Enhanced Logging With rsyslog On Debian Etch And phpLogcon For Viewing

Well everybody knows the issues of reading and searching in log files. If you have more than one machine it even gets worse. This tutorial describes how to install and configure rsyslog on Debian Etch, but it can be adapted to other distributions.

Exerpt from rsyslog site:

"Rsyslog, the enhanced syslogd for Linux and Unix.

Rsyslog is an enhanced multi-threaded syslogd supporting, among others, MySQL, syslog/tcp, RFC 3195, permitted sender lists, filtering on any message part, and fine grain output format control. It is quite compatible to stock sysklogd and can be used as a drop-in replacement. Its advanced features make it suitable for enterprise-class, encryption protected syslog relay chains while at the same time being very easy to setup for the novice user. An optional web interface - phpLogCon - can be used to visualize all data online."

In this tutorial we will be building rsyslog from source and write the necessary config files.


Step 1: See That The Necessary Tools Are Installed

apt-get install binutils cpp fetchmail flex gcc libarchive-zip-perl libc6-dev libcompress-zlib-perl libdb4.3-dev libpcre3 libpopt-dev linux-kernel-headers lynx m4 make ncftp nmap openssl perl perl-modules unzip zip zlib1g-dev autoconf automake1.9 libtool bison autotools-dev g++ mysql-server mysql-client libmysqlclient15-dev

Next set a password for your mysql root user:

mysqladmin -u root password your_mysqlroot_password 

Now we can create the rsyslog db:

mysqladmin -u root -p create rsyslog

Next we start the mysql command shell and create the rsyslog user:

mysql -u root -p
GRANT SELECT, INSERT, UPDATE, DELETE ON rsyslog.* TO 'rsyslog_user'@'localhost' IDENTIFIED BY 'rsyslog_user_password';
GRANT SELECT, INSERT, UPDATE, DELETE ON mail.* TO 'rsyslog_user'@'localhost.localdomain' IDENTIFIED BY 'rsyslog_user_password';

As you might have noticed we do not import any tables into the db. phpLogCon will do that for us. 


Step 2: Get The rsyslog Source And Build rsyslog

Get the source:

cd /tmp
wget http://www.rsyslog.com/Downloads-req-getit-lid-58.phtml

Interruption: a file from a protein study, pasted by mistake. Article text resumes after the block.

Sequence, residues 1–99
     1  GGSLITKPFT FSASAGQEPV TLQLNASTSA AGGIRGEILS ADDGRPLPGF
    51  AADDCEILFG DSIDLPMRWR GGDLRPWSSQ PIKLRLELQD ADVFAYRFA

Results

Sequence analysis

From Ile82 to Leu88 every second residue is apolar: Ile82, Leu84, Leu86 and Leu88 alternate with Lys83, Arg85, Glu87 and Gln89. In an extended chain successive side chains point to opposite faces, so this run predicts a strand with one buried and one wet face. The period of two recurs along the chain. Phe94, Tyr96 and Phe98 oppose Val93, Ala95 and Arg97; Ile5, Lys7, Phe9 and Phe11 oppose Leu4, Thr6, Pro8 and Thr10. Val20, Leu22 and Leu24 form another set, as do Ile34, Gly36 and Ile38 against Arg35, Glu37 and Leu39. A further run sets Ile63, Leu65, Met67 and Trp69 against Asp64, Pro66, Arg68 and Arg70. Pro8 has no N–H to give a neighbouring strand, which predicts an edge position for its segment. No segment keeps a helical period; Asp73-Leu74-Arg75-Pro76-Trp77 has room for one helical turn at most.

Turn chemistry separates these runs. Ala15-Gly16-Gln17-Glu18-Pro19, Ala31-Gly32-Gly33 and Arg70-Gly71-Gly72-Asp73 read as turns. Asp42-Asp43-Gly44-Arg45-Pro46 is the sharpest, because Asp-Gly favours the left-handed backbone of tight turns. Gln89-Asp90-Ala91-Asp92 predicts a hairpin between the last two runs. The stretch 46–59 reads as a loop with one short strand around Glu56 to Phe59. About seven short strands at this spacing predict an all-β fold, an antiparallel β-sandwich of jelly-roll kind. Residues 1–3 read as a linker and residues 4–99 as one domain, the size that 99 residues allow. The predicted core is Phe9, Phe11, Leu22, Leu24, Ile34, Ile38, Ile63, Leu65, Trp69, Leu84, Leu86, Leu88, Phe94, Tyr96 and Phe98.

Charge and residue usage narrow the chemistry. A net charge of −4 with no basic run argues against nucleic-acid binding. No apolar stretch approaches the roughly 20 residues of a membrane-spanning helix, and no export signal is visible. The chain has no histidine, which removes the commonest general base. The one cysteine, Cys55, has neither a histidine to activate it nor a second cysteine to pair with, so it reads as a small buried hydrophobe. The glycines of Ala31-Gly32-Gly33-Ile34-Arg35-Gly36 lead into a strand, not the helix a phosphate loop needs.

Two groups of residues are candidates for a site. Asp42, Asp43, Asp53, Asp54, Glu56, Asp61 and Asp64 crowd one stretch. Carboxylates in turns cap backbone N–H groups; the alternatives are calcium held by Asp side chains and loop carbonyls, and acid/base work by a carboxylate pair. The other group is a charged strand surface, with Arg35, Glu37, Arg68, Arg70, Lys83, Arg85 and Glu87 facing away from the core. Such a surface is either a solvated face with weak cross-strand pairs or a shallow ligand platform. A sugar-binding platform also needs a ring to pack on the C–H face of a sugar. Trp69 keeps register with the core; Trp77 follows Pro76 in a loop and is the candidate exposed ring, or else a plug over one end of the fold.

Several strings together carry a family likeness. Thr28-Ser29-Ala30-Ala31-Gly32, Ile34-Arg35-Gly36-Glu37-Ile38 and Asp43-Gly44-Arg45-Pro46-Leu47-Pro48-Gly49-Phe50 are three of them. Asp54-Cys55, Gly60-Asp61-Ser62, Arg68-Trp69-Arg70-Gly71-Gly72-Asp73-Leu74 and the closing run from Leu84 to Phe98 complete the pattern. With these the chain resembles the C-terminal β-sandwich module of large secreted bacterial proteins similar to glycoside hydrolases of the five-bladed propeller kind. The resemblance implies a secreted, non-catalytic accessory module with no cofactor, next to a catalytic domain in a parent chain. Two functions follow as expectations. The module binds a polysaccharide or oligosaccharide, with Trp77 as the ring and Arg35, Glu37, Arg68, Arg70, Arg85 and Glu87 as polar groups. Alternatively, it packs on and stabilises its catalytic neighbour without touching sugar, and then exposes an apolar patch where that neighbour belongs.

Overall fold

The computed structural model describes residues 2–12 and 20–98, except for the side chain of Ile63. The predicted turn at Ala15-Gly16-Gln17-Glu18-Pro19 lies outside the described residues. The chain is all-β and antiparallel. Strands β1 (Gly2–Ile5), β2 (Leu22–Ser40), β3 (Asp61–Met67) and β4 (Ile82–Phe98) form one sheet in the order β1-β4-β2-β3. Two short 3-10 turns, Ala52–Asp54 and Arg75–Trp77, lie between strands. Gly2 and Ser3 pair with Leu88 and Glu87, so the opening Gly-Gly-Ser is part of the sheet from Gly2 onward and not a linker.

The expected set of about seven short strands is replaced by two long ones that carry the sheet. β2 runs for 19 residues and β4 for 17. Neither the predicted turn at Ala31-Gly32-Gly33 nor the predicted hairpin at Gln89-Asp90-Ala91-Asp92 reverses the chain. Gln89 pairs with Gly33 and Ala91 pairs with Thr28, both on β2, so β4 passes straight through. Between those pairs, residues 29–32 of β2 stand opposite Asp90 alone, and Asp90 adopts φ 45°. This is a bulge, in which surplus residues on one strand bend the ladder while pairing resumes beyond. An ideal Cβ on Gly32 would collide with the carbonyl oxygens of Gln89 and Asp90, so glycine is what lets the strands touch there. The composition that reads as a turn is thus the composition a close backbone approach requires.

Now let's build and install rsyslog:

tar xvzf rsyslog-1.9.6.tar.gz
cd rsyslog-1.9.6
make install 

Since rsyslog has no configuration examples (and files) I'll provide the examples here. All of these are just default configurations, use the documentation provided by rsyslog to customize the configuration to your specific needs.

First the rsyslog configuration file /etc/rsyslog.conf

vi /etc/rsyslog.conf

Just copy and paste the contents below:

Do not forget to change the line:

*.*       >,rsyslog,rsyslog_user,rsyslog_user_password

with the username and password you specified above.

#  /etc/rsyslog.conf    Configuration file for rsyslogd.
#                       For more information see
#                       /usr/share/doc/rsyslog/html/rsyslog_conf.html
# First some standard logfiles.  Log by facility.
$ModLoad MySQL
*.*       >,rsyslog,rsyslog_user,rsyslog_user_password
auth,authpriv.*                 /var/log/auth.log
*.*;auth,authpriv.none          -/var/log/syslog
#cron.*                         /var/log/cron.log
daemon.*                        -/var/log/daemon.log
kern.*                          -/var/log/kern.log
lpr.*                           -/var/log/lpr.log
mail.*                          -/var/log/mail.log
user.*                          -/var/log/user.log
# Logging for the mail system.  Split it up so that
# it is easy to write scripts to parse these files.
mail.info                       -/var/log/mail.info
mail.warn                       -/var/log/mail.warn
mail.err                        /var/log/mail.err
# Logging for INN news system